, Volume 15, Issue 9, pp 1761–1778 | Cite as

Formation process of two massive dams following rainfall-induced deep-seated rapid landslide failures in the Kii Peninsula of Japan

  • Pham Van TienEmail author
  • Kyoji Sassa
  • Kaoru Takara
  • Hiroshi Fukuoka
  • Khang Dang
  • Tatsuya Shibasaki
  • Nguyen Duc Ha
  • Hendy Setiawan
  • Doan Huy Loi
Original Paper


Extreme heavy rainfall due to Typhoon Talas on September 2–4, 2011 in the Kii Peninsula, Japan, triggered numerous floods and landslides. This study investigates the mechanism and the entire process of rainfall-induced deep-seated landslides forming two massive dams in the Kuridaira and Akatani valleys, respectively. The mechanism of the rapid deep-seated landslides is examined through a series of laboratory experiments on samples from sliding surfaces by using undrained high-stress dynamic-loading ring-shear apparatus. The test results indicate that the failure of samples is triggered by excess pore water pressure generation under a shear displacement from 2 to 7 mm with a pore pressure ratio ranging from 0.33 to 0.37. The rapid movement of landslides is mainly attributed to high mobility due to the liquefaction behavior of both sandstone-rich and shale samples. Geomorphic settings and landslide mobility are major contributing factors to the dam formation. Additionally, shear displacement control tests show that a certain amount of shear displacement between 2 and 7 mm along the sliding surfaces of the gravitationally deformed slopes might have led to the failures. Importantly, computer simulation with LS-RAPID software using input parameters obtained from physical experiments is employed to interpret the entire formation process of the abovementioned two landslide dams. The simulation results are examined in accordance with the observed on-site geomorphic features and recorded data to explain the possibility of sliding processes. The results further point out that local failures are initiated from the lower middle part of the landslide bodies where the geological boundary exists. This condition most probably influences the landslide initiation in the two case studies. This research is therefore helpful for hazard assessment of slopes that are susceptible to deep-seated landslides and other sequential processes in areas with geology and geomorphology similar to that of the Kii Peninsula.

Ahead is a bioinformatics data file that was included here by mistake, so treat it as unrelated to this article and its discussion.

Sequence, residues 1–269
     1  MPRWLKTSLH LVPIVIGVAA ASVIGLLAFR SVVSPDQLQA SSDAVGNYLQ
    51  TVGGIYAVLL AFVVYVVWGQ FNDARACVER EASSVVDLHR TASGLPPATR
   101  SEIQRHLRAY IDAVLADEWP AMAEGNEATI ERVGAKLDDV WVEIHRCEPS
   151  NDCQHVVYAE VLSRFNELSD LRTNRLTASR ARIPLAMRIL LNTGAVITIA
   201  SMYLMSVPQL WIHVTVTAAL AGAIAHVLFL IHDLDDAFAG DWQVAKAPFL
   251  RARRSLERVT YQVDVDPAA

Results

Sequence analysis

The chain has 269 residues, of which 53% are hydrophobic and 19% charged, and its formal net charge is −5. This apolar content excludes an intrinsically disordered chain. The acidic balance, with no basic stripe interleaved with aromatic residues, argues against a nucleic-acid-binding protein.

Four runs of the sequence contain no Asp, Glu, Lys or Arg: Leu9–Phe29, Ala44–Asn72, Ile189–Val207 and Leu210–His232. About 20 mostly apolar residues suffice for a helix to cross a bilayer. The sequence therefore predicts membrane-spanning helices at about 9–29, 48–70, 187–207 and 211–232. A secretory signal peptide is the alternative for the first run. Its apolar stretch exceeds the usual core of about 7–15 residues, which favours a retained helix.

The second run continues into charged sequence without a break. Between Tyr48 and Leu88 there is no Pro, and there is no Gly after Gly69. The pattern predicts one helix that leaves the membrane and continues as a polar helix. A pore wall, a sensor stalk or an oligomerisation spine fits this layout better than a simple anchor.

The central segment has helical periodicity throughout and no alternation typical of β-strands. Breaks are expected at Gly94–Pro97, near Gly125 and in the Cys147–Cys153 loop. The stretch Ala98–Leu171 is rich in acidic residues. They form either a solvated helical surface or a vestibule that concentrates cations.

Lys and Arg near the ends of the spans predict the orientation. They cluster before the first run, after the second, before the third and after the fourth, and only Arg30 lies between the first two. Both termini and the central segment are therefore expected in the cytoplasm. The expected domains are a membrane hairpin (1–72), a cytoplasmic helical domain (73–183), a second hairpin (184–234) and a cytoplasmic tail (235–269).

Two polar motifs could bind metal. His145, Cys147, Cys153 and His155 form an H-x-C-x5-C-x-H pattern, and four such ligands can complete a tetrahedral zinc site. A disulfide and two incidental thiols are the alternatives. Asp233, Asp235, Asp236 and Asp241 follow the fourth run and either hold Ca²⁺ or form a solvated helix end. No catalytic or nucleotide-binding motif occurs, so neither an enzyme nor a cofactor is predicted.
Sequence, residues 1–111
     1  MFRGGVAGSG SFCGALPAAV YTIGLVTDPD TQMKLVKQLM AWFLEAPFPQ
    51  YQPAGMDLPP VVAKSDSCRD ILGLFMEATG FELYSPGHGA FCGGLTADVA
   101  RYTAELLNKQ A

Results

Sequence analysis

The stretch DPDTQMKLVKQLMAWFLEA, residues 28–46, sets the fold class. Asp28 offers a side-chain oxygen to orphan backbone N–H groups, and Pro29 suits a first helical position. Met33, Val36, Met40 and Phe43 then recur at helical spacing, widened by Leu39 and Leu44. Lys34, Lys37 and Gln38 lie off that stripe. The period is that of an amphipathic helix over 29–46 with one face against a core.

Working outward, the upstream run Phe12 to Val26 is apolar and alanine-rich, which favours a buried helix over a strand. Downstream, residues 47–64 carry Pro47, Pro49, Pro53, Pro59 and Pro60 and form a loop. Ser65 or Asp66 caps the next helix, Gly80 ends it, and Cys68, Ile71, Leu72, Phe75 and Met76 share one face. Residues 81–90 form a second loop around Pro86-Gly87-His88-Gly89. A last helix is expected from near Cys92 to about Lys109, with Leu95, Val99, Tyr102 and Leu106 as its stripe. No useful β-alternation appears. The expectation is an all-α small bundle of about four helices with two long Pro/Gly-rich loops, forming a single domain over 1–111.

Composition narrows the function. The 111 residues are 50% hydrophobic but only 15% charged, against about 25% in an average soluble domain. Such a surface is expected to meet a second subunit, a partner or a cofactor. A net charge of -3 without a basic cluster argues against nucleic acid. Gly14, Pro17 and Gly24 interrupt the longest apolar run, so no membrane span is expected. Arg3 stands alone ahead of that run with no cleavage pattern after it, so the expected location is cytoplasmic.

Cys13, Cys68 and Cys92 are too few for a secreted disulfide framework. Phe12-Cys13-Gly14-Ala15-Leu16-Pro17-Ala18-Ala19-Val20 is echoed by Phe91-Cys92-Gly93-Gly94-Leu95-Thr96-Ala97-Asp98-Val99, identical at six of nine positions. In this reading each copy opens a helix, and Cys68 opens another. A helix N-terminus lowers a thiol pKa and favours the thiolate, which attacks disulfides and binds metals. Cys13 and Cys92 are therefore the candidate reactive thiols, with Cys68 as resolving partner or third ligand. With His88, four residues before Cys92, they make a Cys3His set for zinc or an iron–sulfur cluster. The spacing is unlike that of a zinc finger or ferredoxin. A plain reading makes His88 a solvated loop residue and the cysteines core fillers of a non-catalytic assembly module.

Deep-seated rapid landslide Landslide dam Rainfall Ring-shear apparatus LS-RAPID Kuridaira Akatani Kii Peninsula 



This research was financially supported by the Leading Graduate School Program on Global Survivability Studies (GSS Program) in Kyoto University. The authors would also like to express our special thanks to Mr. Hayashi, vice-director of the Kii Mountain District Sabo Office, Ministry of Land, Infrastructure, Transport and Tourism, for sharing a number of relevant data including DEM data, drawings, and reports. In particular, we are immensely grateful to Mr. Ogawauchi (senior engineer at Japan Conservation Engineers & CO., LTD.) for his support and valuable comments during the site survey. We deeply acknowledge their support during this study.


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Copyright information

© Springer-Verlag GmbH Germany, part of Springer Nature 2018

Authors and Affiliations

  • Pham Van Tien
    • 1
    • 2
    Email author
  • Kyoji Sassa
    • 3
  • Kaoru Takara
    • 1
  • Hiroshi Fukuoka
    • 4
  • Khang Dang
    • 3
    • 5
  • Tatsuya Shibasaki
    • 6
  • Nguyen Duc Ha
    • 1
  • Hendy Setiawan
    • 1
  • Doan Huy Loi
    • 2
  1. 1.Disaster Prevention Research InstituteKyoto UniversityKyotoJapan
  2. 2.Institute of Transport Science and TechnologyHanoiVietnam
  3. 3.International Consortium on LandslidesKyotoJapan
  4. 4.Research Institute for Natural Hazards and Disaster RecoveryNiigata UniversityNiigataJapan
  5. 5.VNU University of ScienceHanoiVietnam
  6. 6.Japan Conservation Engineers & CO., LTD.TokyoJapan

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